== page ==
When I was in middle school, I went through a short period of longing for a pair of Girbaud jeans. I lusted after the jeans. Despite having no sense of fashion or design, despite having nothing that would suggest I could afford Girbauds, or that my acquisition would be anything but a despirate attempt at fitting in, I wanted those jeans more than anything I’d ever wanted before in my entire life.
It didn’t matter what color. Hell, I’d even go for a size too big. I wanted them. I needed them.
I was under the assumption that I could earn some points in those jeans. That my tormentors would lay off for a few hours, knowing, “Well, he’s a total dork with fear in his eyes who looks like Screech, but hey – he’s wearing Girbauds!” As if simply wearing a green pair of overpriced jeans would propel me into being invited to parties and sleepovers and lunch conversations.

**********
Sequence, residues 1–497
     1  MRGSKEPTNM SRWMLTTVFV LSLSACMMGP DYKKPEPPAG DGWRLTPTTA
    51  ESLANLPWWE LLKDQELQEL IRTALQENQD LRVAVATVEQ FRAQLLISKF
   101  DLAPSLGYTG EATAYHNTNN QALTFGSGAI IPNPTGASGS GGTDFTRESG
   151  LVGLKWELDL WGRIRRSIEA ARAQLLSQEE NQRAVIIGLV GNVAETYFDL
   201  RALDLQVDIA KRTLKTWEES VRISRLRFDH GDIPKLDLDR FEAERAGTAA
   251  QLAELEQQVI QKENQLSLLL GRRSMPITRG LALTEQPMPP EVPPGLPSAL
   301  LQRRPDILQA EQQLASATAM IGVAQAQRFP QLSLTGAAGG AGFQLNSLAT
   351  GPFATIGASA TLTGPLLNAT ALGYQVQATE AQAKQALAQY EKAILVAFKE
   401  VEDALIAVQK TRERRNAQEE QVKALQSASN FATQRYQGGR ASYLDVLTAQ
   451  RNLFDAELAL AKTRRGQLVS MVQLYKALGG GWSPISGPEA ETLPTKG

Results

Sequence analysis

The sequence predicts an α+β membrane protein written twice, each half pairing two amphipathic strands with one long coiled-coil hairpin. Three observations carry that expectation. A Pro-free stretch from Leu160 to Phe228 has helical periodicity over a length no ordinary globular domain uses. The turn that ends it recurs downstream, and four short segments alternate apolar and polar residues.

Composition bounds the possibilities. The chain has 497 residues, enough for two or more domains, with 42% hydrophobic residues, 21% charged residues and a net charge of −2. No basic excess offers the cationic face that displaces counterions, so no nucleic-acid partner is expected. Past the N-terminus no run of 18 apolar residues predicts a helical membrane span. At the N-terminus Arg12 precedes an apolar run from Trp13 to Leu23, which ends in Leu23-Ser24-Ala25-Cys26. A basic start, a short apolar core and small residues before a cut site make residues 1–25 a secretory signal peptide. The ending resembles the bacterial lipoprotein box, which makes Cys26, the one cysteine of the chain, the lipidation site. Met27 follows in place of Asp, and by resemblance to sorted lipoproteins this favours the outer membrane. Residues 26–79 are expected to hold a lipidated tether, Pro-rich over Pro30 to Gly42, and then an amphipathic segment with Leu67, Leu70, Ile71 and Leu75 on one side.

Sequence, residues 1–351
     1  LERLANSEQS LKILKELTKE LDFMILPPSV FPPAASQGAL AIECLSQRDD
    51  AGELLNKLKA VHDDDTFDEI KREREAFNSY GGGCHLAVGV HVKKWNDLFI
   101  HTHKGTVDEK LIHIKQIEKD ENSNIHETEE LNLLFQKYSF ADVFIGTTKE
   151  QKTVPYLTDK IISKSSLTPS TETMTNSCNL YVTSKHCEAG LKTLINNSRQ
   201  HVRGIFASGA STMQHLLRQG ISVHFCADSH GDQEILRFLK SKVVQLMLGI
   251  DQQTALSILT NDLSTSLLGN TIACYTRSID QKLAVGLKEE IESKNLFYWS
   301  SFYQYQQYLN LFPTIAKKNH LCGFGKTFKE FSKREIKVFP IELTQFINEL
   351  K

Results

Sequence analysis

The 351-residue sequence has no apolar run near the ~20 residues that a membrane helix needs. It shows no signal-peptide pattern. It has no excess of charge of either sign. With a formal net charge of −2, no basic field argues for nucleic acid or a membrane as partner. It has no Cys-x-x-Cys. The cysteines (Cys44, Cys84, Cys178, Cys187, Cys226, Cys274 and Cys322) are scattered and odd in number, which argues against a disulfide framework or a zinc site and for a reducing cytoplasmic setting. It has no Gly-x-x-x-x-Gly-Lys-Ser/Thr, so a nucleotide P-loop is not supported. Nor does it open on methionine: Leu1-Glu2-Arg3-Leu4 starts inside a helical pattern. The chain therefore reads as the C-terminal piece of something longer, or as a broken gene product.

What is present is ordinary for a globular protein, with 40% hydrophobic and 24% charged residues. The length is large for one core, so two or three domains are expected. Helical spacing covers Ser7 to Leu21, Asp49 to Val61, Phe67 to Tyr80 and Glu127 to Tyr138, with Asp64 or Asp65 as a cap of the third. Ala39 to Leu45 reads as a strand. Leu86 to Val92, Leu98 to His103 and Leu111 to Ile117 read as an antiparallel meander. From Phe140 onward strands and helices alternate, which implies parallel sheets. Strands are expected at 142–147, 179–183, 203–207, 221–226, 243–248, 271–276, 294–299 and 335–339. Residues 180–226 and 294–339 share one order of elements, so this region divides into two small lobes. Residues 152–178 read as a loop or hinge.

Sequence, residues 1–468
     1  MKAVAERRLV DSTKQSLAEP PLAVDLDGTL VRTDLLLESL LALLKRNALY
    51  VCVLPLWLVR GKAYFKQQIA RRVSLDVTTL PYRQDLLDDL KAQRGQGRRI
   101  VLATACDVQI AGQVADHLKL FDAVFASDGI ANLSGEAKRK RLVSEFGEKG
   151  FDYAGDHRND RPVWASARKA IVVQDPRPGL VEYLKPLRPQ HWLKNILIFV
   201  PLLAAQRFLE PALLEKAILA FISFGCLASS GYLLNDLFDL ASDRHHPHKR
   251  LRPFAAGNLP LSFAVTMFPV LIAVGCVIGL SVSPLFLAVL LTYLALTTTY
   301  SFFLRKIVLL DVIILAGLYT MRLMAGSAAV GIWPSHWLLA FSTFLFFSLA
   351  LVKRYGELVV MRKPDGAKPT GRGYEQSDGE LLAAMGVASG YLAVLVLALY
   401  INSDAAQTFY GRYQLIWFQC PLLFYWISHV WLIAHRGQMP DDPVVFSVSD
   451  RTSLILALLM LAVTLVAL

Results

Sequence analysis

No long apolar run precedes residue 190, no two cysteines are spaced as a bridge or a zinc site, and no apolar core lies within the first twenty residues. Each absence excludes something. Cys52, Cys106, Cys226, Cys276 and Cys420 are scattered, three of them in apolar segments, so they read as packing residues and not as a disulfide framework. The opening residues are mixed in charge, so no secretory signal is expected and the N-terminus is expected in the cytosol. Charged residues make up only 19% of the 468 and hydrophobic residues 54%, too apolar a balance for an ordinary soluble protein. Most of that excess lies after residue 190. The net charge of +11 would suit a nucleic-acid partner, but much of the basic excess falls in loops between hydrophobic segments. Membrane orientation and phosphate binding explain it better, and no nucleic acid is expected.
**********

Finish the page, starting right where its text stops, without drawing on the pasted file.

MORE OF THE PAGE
And then, one day, my friend showed up with a pair.
I knew he couldn’t have afforded them, so I asked where they’d come from. “TJMaxx,” he replied. TJMaxx. “An oasis,” he might as well have said. “Heaven and salvation” is all I heard.
It wasn’t to be, though. My dad dutifully took me out there (after some gentle convincing that getting $85 jeans for only $40 was an absolute bargain) but the racks were empty. It was a shot in the dark, and I had missed terribly, my aim off center, my arrow landing in a pile of Jockey boxers and white t-shirts.
I never got those jeans. A few years later, I broke free from my dorkitude through punk music – a scene that wouldn’t have just laughed at the notion of buying $85 jeans, but threatened to tear them to shreds and make Anti-Flag patches out of the remains.
But you couldn’t have told me that at the time. I was absolutely convinced my ticket to freedom was located somewhere in the over-dyed denim of French fashion.